The Carolina Glass Company instituted this proceeding at law in the United States district court, South Carolina, December 13, 1911, to recover judgment against individual members of the Dispensary Commission for sums of money said to have been unlawfully withdrawn by them from county dispensaries which held the same for plaintiff's benefit. It is alleged that for supplies furnished partly before and partly after February 23, 1910, these county dispensaries became lawfully indebted to the company for more than $19,000, and that the money in their keeping was held in trust to pay such sum, and further:
'That the said defendants, undertaking to proceed under § 6 of the act entitled, 'An Act to Further Provide for Winding up the Affairs of the State Dispensary,' approved the 23d day of February, 1910 [copied in margin], as this plaintiff is informed and believes, demanded from the county dispensary boards for the county of Clarendon, the county of Richmond, and the county of Georgetown, the sums of money alleged in paragraph six of this complaint, amounting in the aggregate to the sum of nineteen thousand and eighty-four and 38/100 dollars then due to this plaintiff by said several county dispensary boards, as alleged in said paragraph six, and unlawfully and wrongfully received the said sums of money from said several county dispensary boards, claiming that they were entitled to the same on account of the above-mentioned illegal offset found by said State Dispensary Commission to be due by this plaintiff as aforesaid; which action this plaintiff alleges was wholly without authority of law, as the provisions of said § 6 of the act of February 23d, 1910, were unconstitutional, null, and void, as constituting an effort, unwarrantably and without authority, to confiscate the property of this plaintiff without due process of law, the provisions of said section being in violation of § 10 of article 1 of the Constitution of the United States, and also of the 14th Amendment to the Constitution of the United States; and, furthermore, in violation of the express contract and agreement entered into by this plaintiff with the defendants above named as above alleged.'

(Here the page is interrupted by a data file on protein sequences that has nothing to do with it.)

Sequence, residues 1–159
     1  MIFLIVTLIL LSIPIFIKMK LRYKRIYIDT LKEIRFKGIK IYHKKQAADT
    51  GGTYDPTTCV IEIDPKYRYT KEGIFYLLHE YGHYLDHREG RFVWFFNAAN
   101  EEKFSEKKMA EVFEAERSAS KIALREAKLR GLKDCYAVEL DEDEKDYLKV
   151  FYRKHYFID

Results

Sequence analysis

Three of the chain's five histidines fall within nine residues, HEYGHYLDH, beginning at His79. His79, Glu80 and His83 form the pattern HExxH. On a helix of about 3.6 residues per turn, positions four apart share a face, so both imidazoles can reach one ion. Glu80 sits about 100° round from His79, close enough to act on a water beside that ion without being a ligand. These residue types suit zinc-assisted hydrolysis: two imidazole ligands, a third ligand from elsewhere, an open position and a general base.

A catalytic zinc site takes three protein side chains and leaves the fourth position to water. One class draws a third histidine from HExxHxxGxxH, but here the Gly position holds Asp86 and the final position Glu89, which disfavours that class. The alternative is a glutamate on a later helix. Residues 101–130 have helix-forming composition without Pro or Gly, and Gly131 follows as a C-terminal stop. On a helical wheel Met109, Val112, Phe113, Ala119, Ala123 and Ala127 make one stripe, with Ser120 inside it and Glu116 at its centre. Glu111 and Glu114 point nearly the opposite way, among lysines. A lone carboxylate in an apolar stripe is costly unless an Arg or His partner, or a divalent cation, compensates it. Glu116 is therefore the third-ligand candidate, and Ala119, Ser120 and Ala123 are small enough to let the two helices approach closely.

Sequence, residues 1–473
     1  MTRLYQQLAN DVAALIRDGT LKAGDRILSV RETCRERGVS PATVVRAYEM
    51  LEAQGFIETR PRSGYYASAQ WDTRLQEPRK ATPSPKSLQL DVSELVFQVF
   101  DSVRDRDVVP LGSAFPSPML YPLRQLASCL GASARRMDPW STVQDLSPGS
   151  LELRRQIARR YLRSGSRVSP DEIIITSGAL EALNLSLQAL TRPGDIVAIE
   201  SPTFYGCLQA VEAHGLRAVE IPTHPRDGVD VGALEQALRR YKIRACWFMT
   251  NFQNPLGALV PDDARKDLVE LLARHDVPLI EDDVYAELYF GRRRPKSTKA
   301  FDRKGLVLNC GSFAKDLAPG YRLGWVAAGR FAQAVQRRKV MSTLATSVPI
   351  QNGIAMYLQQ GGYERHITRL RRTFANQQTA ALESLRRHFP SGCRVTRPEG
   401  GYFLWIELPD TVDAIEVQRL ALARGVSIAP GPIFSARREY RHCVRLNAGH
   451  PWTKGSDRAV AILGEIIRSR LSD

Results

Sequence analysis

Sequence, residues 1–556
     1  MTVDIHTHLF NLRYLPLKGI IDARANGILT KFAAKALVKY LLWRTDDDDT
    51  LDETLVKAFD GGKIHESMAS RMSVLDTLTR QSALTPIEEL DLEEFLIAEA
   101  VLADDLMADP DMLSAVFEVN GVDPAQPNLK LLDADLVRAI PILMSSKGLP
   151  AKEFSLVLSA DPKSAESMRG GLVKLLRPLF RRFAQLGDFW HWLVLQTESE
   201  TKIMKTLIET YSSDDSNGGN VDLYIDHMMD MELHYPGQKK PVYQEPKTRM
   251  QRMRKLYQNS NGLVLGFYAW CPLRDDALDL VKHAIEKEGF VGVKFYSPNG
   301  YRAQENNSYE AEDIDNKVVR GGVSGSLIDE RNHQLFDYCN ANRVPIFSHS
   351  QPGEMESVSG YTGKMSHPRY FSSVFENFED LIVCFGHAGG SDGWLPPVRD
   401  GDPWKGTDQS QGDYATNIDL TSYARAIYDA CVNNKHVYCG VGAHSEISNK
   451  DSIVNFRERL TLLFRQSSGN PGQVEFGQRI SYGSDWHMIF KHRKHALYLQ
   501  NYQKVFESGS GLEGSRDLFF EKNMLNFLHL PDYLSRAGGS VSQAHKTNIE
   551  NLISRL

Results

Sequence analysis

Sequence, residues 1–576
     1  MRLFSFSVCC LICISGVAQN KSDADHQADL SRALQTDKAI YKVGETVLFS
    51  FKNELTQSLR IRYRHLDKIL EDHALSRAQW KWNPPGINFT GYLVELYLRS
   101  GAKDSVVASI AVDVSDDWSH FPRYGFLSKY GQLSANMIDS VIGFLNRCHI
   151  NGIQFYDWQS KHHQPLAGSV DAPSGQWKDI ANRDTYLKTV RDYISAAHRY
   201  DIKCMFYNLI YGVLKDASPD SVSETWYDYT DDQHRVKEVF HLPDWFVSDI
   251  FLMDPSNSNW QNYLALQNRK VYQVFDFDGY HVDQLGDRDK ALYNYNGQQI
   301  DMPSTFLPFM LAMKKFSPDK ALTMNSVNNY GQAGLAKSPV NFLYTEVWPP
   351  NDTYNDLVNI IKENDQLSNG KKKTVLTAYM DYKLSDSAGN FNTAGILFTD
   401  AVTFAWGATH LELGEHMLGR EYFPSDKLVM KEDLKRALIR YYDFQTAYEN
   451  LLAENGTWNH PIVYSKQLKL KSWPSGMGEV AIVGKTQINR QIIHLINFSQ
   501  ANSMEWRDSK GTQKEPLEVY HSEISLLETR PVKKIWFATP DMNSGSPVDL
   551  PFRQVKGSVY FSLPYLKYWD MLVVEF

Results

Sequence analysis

Holding it in effect a suit against the state, the district court dismissed the cause (197 Fed. 392); and it is here upon direct writ of error. We are of opinion that the action of the court below was correct. And in view of what has been said above and our opinion in Murray v. Wilson Distilling Co. further discussion of the questions involved would not be profitable. The judgment is affirmed.
This writ brings up a judgment rendered by the circuit court of appeals, fourth circuit, affirming the same final judgment of the district court considered in No. 205, supra. 124 C. C. A. 423, 206 Fed. 635. There is no allegation of diverse citizenship, and the trial court's jurisdiction was invoked solely upon the ground that the controversy involved application of the Federal Constitution.
Sec. 6. 'In any and all cases where the State Dispensary Commission has heretofore found any amount due the state by any person, firm or corporation on account of dealings with the state dispensary, the several county dispensary boards now existing, and all boards and other officer or officers in charge of any money due any such person, firm or corporation on account of any dealings with any and all county dispensaries heretofore existing, shall, upon demand, pay to the State Dispensary Commission a sufficient amount, or so much thereof as may be on hand, to cover the amount so found to be due the state.'
In such circumstances the Circuit Court of Appeals is without jurisdiction to review. Union & P. Bank v. Memphis, 189 U. S. 71, 73, 47 L. ed. 712, 713, 23 Sup. Ct. Rep. 604. Its judgment is accordingly reversed and the cause remanded, with directions to dismiss the writ of error improperly entertained.
Judgments in Nos. 12, 9, and 205, affirmed; judgment in No. 204 reversed and remanded to the Circuit Court of Appeals for the Fourth Circuit, with directions to dismiss writ of error for want of jurisdiction.